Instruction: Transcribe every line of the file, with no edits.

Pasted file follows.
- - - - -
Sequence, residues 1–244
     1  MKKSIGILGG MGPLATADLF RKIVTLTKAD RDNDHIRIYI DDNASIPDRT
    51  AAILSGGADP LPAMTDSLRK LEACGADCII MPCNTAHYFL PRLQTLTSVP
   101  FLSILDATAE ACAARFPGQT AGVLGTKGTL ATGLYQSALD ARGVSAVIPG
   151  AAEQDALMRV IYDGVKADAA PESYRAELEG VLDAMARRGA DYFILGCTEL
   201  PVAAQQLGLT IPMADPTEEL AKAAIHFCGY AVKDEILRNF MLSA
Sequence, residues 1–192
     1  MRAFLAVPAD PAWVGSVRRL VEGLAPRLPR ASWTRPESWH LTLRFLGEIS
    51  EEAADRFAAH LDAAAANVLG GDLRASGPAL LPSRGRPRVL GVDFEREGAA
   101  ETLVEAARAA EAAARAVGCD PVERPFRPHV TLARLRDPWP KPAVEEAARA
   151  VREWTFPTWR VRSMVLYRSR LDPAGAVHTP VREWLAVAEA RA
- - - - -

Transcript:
Sequence, residues 1–244
     1  MKKSIGILGG MGPLATADLF RKIVTLTKAD RDNDHIRIYI DDNASIPDRT
    51  AAILSGGADP LPAMTDSLRK LEACGADCII MPCNTAHYFL PRLQTLTSVP
   101  FLSILDATAE ACAARFPGQT AGVLGTKGTL ATGLYQSALD ARGVSAVIPG
   151  AAEQDALMRV IYDGVKADAA PESYRAELEG VLDAMARRGA DYFILGCTEL
   201  PVAAQQLGLT IPMADPTEEL AKAAIHFCGY AVKDEILRNF MLSA
Sequence, residues 1–192
     1  MRAFLAVPAD PAWVGSVRRL VEGLAPRLPR ASWTRPESWH LTLRFLGEIS
    51  EEAADRFAAH LDAAAANVLG GDLRASGPAL LPSRGRPRVL GVDFEREGAA
   101  ETLVEAARAA EAAARAVGCD PVERPFRPHV TLARLRDPWP KPAVEEAARA
   151  VREWTFPTWR VRSMVLYRSR LDPAGAVHTP VREWLAVAEA RA